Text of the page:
But enough about me—what are your bad vs. good burgers? Drop me a line in the comments section below.
HotFlash: Jean-Georges Vongerichten’s new venture at the Inn at Pound Ridge rumored to mimic Spice Market!
Bad news: This thing is not happening in any rush. Apparently, the small Alsatian is taking its sweet time with remodleing. But the good news is that we’ve heard through the rumor mill that the new place will not be like ABC Kitchen, as was once reported. In fact, Vongerichten’s first Westchester restaurant will be more in tune with Spice Market! For one, I’m ecstatic: Pound Ridge is in serious need of a chili-lemongrass injection.
Happy Hour at MP Taverna
Here’s even more reason to run, don’t walk, to MP Taverna (of, course, that is other than because you’ve seen Michael Psilakis standing in a swamp, spearing dinosaur-looking gars with a giant fork on BBCAmerica’s No Kitchen Required). Every day, from 4:30 to 6pm, this newcomer is serving:
· $1.50 oysters and gyro beef sliders
· Draught beers including Sam Adams Summer Ale and Goose Island IPA ($4.50).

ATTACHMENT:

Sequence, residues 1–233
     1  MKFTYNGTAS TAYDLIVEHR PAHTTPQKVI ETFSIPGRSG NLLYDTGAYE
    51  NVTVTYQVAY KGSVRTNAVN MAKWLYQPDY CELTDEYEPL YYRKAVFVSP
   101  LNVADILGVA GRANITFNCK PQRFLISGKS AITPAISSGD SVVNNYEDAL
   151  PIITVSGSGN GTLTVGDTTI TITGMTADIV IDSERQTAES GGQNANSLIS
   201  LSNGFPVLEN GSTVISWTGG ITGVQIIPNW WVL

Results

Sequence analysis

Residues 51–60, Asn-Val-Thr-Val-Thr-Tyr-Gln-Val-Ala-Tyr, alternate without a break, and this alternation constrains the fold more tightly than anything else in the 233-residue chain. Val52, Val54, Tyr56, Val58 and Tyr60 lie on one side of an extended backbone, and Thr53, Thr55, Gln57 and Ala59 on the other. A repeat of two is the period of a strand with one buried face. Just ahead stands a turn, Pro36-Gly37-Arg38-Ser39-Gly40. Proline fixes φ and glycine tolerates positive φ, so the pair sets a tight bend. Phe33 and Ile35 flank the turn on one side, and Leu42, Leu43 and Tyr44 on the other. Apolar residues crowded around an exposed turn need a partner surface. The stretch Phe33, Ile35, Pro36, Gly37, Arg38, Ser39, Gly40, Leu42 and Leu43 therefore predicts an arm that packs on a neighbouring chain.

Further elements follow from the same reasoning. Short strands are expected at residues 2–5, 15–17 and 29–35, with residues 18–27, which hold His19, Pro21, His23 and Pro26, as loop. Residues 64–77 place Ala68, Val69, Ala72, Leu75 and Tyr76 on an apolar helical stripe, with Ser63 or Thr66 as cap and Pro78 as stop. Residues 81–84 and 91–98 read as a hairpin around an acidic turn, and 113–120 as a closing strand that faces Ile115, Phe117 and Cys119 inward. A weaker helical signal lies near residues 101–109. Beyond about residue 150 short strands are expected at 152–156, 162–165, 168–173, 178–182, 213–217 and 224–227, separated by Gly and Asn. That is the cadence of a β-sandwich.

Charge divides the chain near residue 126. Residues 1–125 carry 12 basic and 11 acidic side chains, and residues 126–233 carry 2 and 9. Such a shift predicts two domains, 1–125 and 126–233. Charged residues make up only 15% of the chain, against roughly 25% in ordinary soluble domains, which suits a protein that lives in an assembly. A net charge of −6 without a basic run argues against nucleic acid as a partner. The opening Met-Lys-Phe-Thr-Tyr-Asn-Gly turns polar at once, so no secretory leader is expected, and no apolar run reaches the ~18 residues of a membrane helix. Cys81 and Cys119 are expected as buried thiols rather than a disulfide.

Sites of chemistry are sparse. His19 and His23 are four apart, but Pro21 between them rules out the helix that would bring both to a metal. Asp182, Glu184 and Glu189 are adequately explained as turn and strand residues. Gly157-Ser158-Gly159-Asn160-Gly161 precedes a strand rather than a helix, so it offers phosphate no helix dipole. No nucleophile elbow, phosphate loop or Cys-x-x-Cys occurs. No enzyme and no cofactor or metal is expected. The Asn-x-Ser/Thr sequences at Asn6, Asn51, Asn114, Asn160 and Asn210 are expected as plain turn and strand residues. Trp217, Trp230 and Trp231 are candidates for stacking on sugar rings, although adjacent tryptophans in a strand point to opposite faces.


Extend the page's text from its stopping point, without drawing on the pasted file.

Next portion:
· Glasses of Pinot Grigio and Montepulciano ($5).
· Various cocktails ($6).
Sweet and Saucy Slices at Blackboard Pizza in New Rochelle
Isn’t food fashion funny? Pizza is now all about the oven. I mean, you can’t even get in the conversation unless you’ve got some kind of archaic, wood-fueled behemoth that you need to painstakingly stoke like it’s 1827. But, every once in a while, the new-fashioned/old-fashioned pizza pantheon needs to respect some left-field entries—like this spare, sweetly saucy slice slung by New Rochelle’s Blackboard Pizza Shop. True, this thin-crusted slice is cooked in an unfashionable gas-fueled deck oven, but there’s something about the clean, bright flavors of its un-commercial-tasting dough, fresh tomatoes, and fragrant basil that make this corner pizza shop a contender.